8        The clear articulation rule was developed by the United States Supreme Court in Davis v. U.S., 512 U.S. 452 (1994), and was originally used to determine whether or not a suspect had invoked the right to counsel.  We adopted the clear articulation rule and applied it to the right to remain silent in Ross.  Ross was suspected of sexual assault of child.  Ross, 203 Wis. 2d at 71.  Before the relevant questioning, a detective advised Ross of his Miranda rights and Ross stated that he understood them.  Ross, 203 Wis. 2d at 71.  The detective testified that Ross did not answer his questions; he only stared at the detective.  Id.  This went on until the detective asked if the victim was lying.  Id.  Ross said no.  Id. at 72.  The detective then asked if what his victim said was true and Ross replied, yes.  Id.  Ross was convicted of two counts sexual assault of a child.  Id. at 73.  On appeal he argued that his statement should be suppressed because he invoked his right to silence.  Id.  Applying the clear articulation rule we concluded that Ross did not invoke his right to remain silent.  Id. at 78-79.  We held that although a suspect could invoke the right to silence without using words at all, id. at 77, the suspect must make it sufficiently clear that he or she wants to cut-off questioning so that a “reasonable police officer in the circumstances would understand the statement to be an invocation of the right to remain silent.”  Id. at 78.  We reasoned that, if the statement is ambiguous, the officer is not duty-bound to cease questioning or ask the suspect for clarification.  Id.  Ross’s silence was ambiguous because he said nothing; therefore, he did not invoke his right to remain silent.  Id. at 79.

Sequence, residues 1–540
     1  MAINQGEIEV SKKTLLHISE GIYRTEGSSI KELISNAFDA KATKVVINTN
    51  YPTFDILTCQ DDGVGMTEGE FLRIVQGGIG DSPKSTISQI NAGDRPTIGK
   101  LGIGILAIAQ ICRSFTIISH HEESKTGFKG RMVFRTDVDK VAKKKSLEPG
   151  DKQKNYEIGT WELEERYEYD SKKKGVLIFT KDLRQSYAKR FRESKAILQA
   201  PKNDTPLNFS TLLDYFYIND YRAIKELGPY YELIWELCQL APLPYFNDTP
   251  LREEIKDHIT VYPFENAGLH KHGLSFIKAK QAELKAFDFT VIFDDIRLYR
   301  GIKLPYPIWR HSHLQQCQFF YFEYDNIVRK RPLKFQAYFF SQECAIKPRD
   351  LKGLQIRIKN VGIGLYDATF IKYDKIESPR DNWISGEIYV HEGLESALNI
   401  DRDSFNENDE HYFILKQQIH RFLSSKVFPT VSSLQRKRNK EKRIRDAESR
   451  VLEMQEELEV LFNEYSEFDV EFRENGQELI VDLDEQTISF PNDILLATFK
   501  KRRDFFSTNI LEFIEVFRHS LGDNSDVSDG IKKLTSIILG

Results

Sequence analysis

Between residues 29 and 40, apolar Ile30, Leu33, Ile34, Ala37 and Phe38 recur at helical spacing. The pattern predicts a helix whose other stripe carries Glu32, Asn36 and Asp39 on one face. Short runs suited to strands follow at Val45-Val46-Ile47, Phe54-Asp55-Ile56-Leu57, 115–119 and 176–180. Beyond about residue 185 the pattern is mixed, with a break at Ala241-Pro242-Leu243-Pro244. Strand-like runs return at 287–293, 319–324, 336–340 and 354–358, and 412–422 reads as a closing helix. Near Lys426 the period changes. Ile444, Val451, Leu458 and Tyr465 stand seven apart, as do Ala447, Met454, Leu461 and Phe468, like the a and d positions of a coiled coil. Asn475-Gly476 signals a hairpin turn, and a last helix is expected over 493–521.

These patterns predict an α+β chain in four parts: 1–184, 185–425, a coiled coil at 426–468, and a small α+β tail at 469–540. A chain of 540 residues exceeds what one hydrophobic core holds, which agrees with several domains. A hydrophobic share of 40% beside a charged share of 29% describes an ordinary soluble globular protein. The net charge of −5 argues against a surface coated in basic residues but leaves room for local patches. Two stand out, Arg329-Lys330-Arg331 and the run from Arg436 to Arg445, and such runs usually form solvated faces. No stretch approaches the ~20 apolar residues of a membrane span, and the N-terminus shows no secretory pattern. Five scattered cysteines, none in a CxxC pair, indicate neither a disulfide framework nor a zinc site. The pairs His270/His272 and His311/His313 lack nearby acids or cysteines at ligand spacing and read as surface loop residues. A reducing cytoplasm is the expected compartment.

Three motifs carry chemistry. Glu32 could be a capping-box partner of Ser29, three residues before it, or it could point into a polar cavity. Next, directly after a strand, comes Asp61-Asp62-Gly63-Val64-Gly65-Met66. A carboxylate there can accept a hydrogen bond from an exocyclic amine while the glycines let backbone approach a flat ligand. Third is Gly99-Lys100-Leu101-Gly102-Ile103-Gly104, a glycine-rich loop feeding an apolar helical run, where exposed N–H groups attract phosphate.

9        A recent United States Supreme Court case teaches us that Ross is good law.  In Berghuis v. Thompkins, 130 S. Ct. 2250 (2010), Thompkins, a suspect in a murder investigation, was read his Miranda rights and was then interrogated.  Thompkins, 130 S. Ct. at 2256.  At no time during the interrogation did he say that he wanted to remain silent, that he did not want to talk with the police or that he wanted an attorney.  Id.  For most of the interrogation, he was silent, with the exception of a few verbal responses.  Id.  Eventually one of the detectives asked Thompkins if he believed in God.  Id. at 2257.  Thompkins answer yes.  Id.  The detective followed up by asking if he prayed, and if he prayed for God to forgive him for “shooting that boy.”  Id.  Thompkins again answered yes to both questions and the interrogation ended soon after.  Id.  The jury found him guilty on several counts, including first-degree murder.  Id. at 2258.  On appeal, Thompkins asserted that his statements to the police were inadmissible because he had invoked his right to remain silent by not saying anything for a sufficient period of time and thus the interrogation should have stopped.  Id. at 2259.  The Court did not agree.  Id.  As in Ross, the Court used the clear articulation rule and concluded that Thompkins’ silence was ambiguous and therefore could not invoke his right to remain silent.  Thompkins, 130 S. Ct. at 2260.